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Remarks by Ms Annelise Hirschmann, Regional Manager for Latin America and the Caribbean, The Global Fund on the occasion of the Sixth Meeting of National AIDS Programme Managers and Key PartnersRepublic of Trinidad and Tobago, March 12 - 14

March 12, 2018

Honorable Minister of Health of the Republic of Trinidad and Tobago, Terrence Delyasingh, Honorable Minister of Education of Guyana, and RCM Chair Nicolette Henry, partners, NAPS directors, civil society, friends.

It is a great pleasure for the Global Fund to be a sponsor of this important meeting through the PANCAP regional program. Those in this room have a great responsibility and opportunity to lead the HIV response in this region and we are very happy to be a part of this meeting.

As I read through the Concept Note and agenda for the next three days I was excited to see that there would be a real opportunity to discuss challenges, share best practices and look at some important innovative approaches.

The Caribbean has some important successes, elimination of mother to child transmission and congenital syphilis in 7 countries, access to treatment has doubled, adherence to test and treat in eight countries. All work that countries have led- Important achievements to celebrate.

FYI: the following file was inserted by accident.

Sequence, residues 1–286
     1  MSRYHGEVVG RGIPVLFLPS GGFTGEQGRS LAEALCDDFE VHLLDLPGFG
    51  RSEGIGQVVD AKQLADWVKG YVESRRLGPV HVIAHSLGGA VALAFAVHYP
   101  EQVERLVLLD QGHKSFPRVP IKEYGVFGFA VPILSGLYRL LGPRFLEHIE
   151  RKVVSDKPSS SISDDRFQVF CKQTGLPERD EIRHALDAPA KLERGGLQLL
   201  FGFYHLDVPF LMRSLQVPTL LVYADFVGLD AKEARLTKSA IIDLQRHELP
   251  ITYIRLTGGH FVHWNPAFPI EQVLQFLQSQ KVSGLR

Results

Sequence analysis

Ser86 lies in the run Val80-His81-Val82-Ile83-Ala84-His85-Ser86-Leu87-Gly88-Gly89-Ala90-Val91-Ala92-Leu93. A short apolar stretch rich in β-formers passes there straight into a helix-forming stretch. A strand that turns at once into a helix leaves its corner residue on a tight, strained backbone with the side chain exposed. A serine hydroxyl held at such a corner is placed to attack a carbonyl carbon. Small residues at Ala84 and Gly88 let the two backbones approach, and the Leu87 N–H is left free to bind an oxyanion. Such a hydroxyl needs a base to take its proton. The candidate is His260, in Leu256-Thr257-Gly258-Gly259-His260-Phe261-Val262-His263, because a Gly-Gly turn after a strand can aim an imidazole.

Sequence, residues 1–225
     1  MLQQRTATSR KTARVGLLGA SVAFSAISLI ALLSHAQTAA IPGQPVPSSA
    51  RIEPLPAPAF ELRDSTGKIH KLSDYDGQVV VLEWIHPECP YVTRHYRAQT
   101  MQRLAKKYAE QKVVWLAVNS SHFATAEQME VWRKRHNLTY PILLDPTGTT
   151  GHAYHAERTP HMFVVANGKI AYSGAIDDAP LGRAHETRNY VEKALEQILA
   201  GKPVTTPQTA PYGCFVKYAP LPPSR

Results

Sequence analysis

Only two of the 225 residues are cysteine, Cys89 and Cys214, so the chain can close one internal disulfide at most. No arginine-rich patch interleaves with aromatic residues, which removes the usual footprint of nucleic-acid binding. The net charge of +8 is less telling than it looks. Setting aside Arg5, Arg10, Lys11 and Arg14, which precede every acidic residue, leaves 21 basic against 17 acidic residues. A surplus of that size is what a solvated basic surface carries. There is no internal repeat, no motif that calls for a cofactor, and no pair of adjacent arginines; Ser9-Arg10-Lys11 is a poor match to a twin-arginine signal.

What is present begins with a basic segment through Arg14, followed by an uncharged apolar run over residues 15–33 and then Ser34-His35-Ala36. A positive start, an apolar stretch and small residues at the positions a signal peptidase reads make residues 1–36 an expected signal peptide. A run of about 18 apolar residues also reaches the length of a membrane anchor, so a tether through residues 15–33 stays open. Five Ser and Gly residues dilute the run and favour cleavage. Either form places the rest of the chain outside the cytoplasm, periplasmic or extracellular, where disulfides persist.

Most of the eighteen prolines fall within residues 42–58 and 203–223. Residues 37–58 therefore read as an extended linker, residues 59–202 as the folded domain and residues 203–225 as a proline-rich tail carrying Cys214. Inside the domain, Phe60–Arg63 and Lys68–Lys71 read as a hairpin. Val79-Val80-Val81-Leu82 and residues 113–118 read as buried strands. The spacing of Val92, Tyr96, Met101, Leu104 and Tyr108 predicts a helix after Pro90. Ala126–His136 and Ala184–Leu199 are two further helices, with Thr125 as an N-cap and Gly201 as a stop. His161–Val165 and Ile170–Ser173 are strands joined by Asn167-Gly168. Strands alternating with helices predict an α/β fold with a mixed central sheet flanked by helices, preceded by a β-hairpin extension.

Despite these successes, this meeting is also a place to discuss and define a path for the challenges ahead and to ask some important questions at individual country and regional level –

1) How can we move to achieve 90-90 -90 targets? Do we know what our treatment cascades look like? Do we have a key pops treatment cascade? Are we using this to make important decisions on where to best invest donor or domestic resources?

2) Data? Do we have it? Do we have the right data? Are we using it to shape our decision and drive for domestic financing and investing it effectively?

3) Are we looking at our strategy and ensuring that it is sustainable? Are we planning effectively as donors reduce resources in the region?

4) What are the real barriers to reaching our targets? What role does stigma and discrimination play? What are we doing to reduce human rights violations, and involving communities and civil society, key communities in the response?

5) What role can innovative approaches play in the response? Self-testing, Prep, and others?

6) What other actors can we integrate into the response? Does and can the private sector play a role?

And finally, how can we as partners and donors support you in achieving these results?

I am looking forward to this opportunity over next three days where rich discussion, information sharing and planning and hopefully collectively ensure we leave having responded some of these questions.